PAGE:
About Us


Work is central to the American experience. Having a job, enjoying the many benefits that come from employment, providing for one’s family, setting examples for our children, and looking forward to a secure retirement are among the top achievements we all aspire to.


Gainful employment is one of our most essential building blocks for strong, healthy, and productive individuals and families. The American Public Human Services Association (APHSA), with and through its public human services agency members, is leading a major initiative to help make the experiences and benefits of gainful employment available to all. APHSA’s Center for Employment and Economic Well-Being (CEEWB) partners with APHSA members, stakeholders, and partners to:


  • Advance best practices, resources, and innovative solutions that will help move low-income individuals into jobs that have sustainable career pathways.
  • Leverage the knowledge and resources of public, nonprofit, and private sectors toward these goals.
  • Identify and support public policies that provide the opportunities, resources, and flexibility needed to strengthen individuals, families, and communities through successful engagement in the workforce.
Click on the image below to learn more about CEEWB.

Core Principles

The CEEWB works under consideration of a number of core principles.  These deeply held premises, based upon the latest research and practice in the field, lead us to operate from the following understandings:


For working-age individuals and their families, having a job and staying in the workforce are critical to achieving greater independence. Employment is one of the surest and most long-lasting means to equip people with the lifetime tools they need for sustaining their incomes and dignity and avoiding future need for government support. Human service agencies, along with their workforce development partners, the economic development community, the education and training system, and other stakeholders, play a critical role in preparing individuals for employment and supporting their success in the workforce. 

For individuals and families, successful and sustained employment is often more than getting that first job or returning to the workforce; they typically need support and opportunities for becoming work-ready, finding and securing a job, staying in the workforce over time, and skill development and job advancement.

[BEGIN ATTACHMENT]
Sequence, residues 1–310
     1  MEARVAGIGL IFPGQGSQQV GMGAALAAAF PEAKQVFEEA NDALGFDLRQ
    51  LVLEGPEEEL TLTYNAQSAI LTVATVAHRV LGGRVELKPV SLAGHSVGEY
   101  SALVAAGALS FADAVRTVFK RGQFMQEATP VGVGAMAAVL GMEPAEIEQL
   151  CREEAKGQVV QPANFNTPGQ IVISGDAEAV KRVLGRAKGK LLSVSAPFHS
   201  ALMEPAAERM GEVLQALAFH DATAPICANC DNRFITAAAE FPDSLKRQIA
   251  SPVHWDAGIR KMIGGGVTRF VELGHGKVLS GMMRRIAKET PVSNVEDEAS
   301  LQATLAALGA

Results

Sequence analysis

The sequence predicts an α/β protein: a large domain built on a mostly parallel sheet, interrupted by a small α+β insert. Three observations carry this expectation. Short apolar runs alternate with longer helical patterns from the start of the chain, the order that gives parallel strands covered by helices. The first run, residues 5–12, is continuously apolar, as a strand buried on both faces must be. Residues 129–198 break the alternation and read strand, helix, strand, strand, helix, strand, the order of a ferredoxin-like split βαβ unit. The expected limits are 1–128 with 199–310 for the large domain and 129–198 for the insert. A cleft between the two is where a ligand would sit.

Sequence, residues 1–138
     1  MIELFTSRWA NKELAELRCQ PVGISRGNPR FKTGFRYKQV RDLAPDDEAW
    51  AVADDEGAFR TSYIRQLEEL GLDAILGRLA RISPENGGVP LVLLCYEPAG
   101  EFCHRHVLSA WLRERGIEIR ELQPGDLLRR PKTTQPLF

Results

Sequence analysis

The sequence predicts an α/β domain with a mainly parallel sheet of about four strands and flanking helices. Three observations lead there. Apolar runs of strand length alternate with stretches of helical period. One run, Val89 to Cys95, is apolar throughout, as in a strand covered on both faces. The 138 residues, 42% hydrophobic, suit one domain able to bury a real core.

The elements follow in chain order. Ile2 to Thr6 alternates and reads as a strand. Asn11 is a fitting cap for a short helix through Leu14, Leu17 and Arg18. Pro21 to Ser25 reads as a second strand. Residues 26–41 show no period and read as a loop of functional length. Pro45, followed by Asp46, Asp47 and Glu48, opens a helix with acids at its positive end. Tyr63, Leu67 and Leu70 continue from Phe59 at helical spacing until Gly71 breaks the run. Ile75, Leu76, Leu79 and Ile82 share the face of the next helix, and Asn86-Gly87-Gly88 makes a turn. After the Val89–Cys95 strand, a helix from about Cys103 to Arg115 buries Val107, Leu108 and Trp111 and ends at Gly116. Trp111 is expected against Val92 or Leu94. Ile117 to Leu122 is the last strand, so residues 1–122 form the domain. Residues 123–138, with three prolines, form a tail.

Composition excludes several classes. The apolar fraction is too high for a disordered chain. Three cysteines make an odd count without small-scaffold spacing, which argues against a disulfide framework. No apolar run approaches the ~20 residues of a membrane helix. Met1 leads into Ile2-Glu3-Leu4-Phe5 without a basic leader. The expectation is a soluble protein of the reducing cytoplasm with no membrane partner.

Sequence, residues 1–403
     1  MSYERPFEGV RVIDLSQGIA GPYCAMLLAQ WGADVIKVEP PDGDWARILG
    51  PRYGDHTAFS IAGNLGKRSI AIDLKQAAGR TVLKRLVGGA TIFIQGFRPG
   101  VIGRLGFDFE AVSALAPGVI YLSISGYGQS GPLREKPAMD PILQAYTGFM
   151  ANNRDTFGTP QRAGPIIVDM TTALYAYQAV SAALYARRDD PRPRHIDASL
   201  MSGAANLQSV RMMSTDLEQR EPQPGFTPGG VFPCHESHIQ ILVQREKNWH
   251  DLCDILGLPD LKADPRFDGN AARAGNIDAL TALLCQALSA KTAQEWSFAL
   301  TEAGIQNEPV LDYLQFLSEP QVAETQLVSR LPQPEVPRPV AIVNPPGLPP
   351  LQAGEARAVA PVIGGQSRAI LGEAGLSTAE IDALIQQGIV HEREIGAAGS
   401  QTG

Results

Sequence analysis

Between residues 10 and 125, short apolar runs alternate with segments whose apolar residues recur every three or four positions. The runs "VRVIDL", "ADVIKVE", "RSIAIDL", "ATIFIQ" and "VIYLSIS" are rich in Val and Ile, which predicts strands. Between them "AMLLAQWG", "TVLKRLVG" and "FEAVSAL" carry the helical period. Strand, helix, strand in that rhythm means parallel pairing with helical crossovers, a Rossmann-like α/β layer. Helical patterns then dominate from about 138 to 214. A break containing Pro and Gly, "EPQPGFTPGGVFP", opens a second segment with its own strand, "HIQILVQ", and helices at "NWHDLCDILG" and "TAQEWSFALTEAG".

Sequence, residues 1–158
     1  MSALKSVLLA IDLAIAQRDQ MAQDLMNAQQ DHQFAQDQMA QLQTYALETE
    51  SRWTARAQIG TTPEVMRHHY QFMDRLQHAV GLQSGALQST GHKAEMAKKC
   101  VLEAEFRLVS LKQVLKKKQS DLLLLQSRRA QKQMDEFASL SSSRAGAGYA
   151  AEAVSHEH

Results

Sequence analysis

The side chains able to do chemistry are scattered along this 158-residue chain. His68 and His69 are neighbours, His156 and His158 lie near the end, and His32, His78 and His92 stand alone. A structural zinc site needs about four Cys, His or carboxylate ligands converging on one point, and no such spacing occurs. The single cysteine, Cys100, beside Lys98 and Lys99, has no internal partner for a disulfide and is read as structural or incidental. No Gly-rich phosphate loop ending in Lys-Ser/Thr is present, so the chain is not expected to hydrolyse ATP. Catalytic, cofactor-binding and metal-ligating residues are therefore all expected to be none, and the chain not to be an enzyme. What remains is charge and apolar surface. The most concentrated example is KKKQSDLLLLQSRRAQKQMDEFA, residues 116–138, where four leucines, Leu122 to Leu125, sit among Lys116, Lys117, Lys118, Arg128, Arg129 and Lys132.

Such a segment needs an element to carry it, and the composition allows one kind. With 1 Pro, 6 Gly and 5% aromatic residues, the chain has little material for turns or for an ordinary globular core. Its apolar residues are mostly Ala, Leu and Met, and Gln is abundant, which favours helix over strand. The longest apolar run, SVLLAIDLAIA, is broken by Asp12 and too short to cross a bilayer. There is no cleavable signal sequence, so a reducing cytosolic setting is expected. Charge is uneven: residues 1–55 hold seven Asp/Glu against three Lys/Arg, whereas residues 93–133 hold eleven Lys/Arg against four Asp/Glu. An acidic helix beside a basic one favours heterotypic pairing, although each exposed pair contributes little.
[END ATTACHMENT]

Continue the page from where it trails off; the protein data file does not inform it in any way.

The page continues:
Once these basic employment elements are in place, the ability to build assets helps individuals and families move even more securely down the road to independence. Greater opportunities to accumulate wealth, such as Individual Development Accounts, are a necessary element of true long-term success. Similarly, tax code changes such as the Earned Income Tax Credit and the Child Care Tax Credit have dramatically reinforced the importance of maintaining a regular wage and steady employment. 

Employment and achieving independence constitutes a process, not a one-time event. This outcome, therefore, encompasses a variety of supports, services, and approaches tailored to the degree of individual need. These include time-limited, flexible work support funds like the Temporary Assistance for Needy Families (TANF) program; income supports, when needed, for food assistance, health care, behavioral health care (including mental health and substance abuse treatment), and housing; appropriate training for career readiness and workforce development services; and access as necessary to critical work supports such as child care and transportation assistance. 

These services and supports help prepare the supply side of the labor market, but can succeed only in partnership with demand-side strategies that engage employers and economic developers. Economic development is essential for strong employment, but often does not invest in the needs of low-income populations. Support for community development is also critical, such as that provided by the Community Development Block Grant and the Community Services Block Grant. For some individuals, such as those with significant disabilities and the re-entry population, other services and supports may be needed to provide opportunities for integrated employment and success at work. 



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